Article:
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Beginner Gardening Questions: Broke stem off of my desert four o'clock

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Forum: Beginner Gardening QuestionsReplies: 7, Views: 48
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Cottonwood Heights, UT
(Zone 5b)

June 15, 2013
3:22 PM

Post #9560170

Today when I was planting my Desert four O'clock, I accidentally dropped it. The whole top broke off. I went ahead and planted the root, hopefully, it will grow. Is there anything I can do with the stem and branches?

Contra Costa County, CA
(Zone 9b)

June 15, 2013
6:15 PM

Post #9560330

You can try to root it just like any other sort of cutting, in water, sand or soil.
Orem, UT
(Zone 6b)

June 15, 2013
6:19 PM

Post #9560336

You will probably have luck rooting it. Four O'Clocks are some of the hardiest flowers out there. They remind me of weeds when it comes to their endurance of growth.
Cottonwood Heights, UT
(Zone 5b)

June 18, 2013
12:46 PM

Post #9563750

Kalloused wrote:You will probably have luck rooting it. Four O'Clocks are some of the hardiest flowers out there. They remind me of weeds when it comes to their endurance of growth.

Thanks for the encouragement. Since they don't like water, I cut the plant into 3 pieces and put them in some cactus soil. I did dip the ends in some rooter stuff first. So I hope they grow. If not, I hope the root grows. If it works, I will try to remember to write up an update.

Orem, UT
(Zone 6b)

June 25, 2013
10:55 AM

Post #9572680

I had two Four O clocks last year and am STILL pulling sprouts out of the ground(which taught me the value of deadheading). I fixed up the side garden of our condo nicely with some new soil(tho its still a little rocky under). I took 3 of those sprouts(almost dead from the unwatered and unfed soil) and placed them in the ground and they rooted within days. they are massive, lush and healthy right now. So I'm certain you will have good luck. keep us posted

This message was edited Jun 25, 2013 11:00 AM
Opp, AL
(Zone 8b)

June 27, 2013
8:01 AM

Post #9575414

These plants don't like soggy conditions but are fairly thirsty plants, IME, and need good drainage but plenty of moisture. Definitely don't treat like cactus. Established plants have a large tuber to help moderate their water needs. Cuttings have no moisture reserves. Does the root you mention look kind of like a potato? I would have every expectation of it growing new foliage, flowers, if it has any size to it at all, in sufficient conditions.
Cottonwood Heights, UT
(Zone 5b)

July 25, 2013
2:51 PM

Post #9611780

Kalloused: Most Four O clocks are called garden thugs as you have discovered. However, it is my understanding that the Desert Four O'clock is not like that.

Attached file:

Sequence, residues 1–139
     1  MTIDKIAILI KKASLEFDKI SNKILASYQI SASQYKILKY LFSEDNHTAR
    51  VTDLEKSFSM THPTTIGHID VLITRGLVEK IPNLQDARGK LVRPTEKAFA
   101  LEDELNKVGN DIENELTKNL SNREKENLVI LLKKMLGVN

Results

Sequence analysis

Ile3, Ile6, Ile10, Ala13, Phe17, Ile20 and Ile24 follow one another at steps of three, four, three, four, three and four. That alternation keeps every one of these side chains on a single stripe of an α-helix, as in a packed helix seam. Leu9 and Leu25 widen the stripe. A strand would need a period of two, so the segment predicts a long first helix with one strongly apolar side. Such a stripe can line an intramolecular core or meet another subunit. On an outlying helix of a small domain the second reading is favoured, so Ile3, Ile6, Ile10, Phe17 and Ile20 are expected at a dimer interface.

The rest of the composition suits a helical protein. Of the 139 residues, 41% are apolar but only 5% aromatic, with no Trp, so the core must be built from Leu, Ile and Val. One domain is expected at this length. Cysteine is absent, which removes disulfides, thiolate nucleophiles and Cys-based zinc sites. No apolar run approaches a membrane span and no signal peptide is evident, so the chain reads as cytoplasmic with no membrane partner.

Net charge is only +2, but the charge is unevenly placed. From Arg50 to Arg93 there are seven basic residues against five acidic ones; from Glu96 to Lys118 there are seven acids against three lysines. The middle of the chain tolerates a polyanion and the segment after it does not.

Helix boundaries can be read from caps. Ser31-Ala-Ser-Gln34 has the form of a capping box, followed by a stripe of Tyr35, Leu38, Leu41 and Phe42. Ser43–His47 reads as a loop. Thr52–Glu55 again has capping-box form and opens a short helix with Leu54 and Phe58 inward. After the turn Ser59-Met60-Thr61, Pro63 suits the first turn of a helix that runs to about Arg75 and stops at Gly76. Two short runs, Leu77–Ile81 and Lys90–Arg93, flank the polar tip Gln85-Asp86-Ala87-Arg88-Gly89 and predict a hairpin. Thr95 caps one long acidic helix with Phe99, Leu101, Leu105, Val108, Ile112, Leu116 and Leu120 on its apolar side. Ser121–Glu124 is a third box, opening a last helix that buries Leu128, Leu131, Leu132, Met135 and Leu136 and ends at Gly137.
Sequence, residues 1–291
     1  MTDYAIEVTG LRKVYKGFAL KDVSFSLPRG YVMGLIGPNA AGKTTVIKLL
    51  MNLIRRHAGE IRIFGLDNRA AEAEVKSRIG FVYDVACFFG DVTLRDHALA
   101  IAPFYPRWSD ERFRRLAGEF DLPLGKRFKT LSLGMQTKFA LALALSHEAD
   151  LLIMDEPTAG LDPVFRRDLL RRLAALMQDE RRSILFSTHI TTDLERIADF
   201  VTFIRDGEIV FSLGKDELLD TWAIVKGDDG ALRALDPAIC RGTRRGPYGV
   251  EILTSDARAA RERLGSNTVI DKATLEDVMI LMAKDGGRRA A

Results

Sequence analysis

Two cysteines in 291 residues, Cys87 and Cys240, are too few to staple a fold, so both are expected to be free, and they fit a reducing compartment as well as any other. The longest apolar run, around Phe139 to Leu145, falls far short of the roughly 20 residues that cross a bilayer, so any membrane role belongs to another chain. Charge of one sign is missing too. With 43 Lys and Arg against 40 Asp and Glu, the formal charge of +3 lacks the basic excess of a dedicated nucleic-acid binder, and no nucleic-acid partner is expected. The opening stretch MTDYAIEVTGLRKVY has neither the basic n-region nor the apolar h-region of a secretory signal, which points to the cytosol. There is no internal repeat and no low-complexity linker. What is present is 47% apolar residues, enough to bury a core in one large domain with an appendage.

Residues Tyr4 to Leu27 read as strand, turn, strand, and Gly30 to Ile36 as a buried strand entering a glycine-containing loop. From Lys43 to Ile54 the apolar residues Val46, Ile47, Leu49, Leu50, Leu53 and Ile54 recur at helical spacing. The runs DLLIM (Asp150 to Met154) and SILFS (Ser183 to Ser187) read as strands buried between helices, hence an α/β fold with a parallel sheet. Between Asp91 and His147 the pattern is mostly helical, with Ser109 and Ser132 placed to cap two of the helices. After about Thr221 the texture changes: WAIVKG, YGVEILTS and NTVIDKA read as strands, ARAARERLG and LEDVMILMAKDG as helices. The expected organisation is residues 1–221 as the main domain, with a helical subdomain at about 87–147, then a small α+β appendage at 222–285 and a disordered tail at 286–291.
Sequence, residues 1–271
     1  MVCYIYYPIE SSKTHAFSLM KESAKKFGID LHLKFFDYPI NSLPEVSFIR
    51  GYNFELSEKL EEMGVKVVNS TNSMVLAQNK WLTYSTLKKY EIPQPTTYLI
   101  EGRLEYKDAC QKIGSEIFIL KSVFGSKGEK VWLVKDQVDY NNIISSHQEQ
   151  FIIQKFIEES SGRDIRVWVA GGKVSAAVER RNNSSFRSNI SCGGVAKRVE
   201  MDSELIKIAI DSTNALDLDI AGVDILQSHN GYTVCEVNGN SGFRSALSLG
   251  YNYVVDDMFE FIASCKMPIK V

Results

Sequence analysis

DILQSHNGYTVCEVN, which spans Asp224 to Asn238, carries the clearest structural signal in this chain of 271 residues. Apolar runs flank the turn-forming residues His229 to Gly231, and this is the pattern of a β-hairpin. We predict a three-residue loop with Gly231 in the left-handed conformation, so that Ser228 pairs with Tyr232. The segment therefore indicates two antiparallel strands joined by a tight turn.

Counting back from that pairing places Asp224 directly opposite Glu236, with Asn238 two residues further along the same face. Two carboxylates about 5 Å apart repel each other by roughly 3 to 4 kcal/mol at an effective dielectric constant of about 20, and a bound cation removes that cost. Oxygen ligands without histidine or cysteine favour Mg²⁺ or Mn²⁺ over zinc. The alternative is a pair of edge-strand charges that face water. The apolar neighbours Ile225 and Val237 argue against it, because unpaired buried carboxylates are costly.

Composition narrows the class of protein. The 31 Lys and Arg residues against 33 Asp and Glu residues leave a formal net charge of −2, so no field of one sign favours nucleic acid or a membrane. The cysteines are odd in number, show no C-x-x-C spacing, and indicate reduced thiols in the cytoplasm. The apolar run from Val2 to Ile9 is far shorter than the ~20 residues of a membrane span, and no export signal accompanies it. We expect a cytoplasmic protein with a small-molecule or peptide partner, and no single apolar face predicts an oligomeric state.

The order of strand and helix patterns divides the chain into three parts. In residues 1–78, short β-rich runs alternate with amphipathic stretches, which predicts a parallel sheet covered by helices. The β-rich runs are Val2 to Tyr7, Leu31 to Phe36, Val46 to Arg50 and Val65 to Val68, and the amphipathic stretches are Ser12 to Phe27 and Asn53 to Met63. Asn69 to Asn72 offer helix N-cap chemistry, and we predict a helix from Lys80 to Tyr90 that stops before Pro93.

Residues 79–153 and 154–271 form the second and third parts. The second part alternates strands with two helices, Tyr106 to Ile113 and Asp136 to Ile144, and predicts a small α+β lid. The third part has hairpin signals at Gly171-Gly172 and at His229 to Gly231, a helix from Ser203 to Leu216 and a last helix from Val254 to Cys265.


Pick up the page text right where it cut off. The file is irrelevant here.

purpleinopp: After reading your message, and from what I have been able to read elsewhere, I fully expected the outcome to be as you suggested

My update:
The root died. Never even tried to come up at all. I guess it didn't have a big enough "potato" to revive without any leaves.

The biggest cutting from the top has survived, and looks great. The smallest cutting died, and the middle sized cutting is looking sad, but is not dead.

Not what I expected to happen at all.

It is very hot where I live right now. We usually have 5 days a year over 100f. However this year we have already had 16 days in a row over 100f. So I don't think it is a good time to put my cuttings in the ground.

purpleinopp: Thank you for the idea that these plants love water. They are drought tolerant only if they have they have created a good sized potato tuber. I knew about the tuber but did not realize that's what made it drought tolerant. I do have one young plant in the ground that I bought near the same time as the other one. I water it and my cuttings when they look sad. Should I water them more that that, while they are growing their tuber?
Opp, AL
(Zone 8b)

July 26, 2013
5:30 AM

Post #9612186

I don't water plants until they are thirsty, but it's not always easy to tell when that is. Adding unnecessary tap water is expensive, time-consuming, and a lot of plants don't like the chemicals in it. Never been to UT, so have no idea how often one would expect to water stuff there, or what the tap water might be like.

Checking in the afternoon can be deceiving since wilt can occur on a hot afternoon even if roots are moist. If your schedule permits, checking in the morning will give you a much more accurate view. If you've seen plants wilt, you should get better at noticing when they are about to wilt. Sounds silly but it's possible for a lot of plants. Actual wilt from thirst (not just temporary from heat and beating sunshine) is a lot of stress for most plants, so best avoided if possible.

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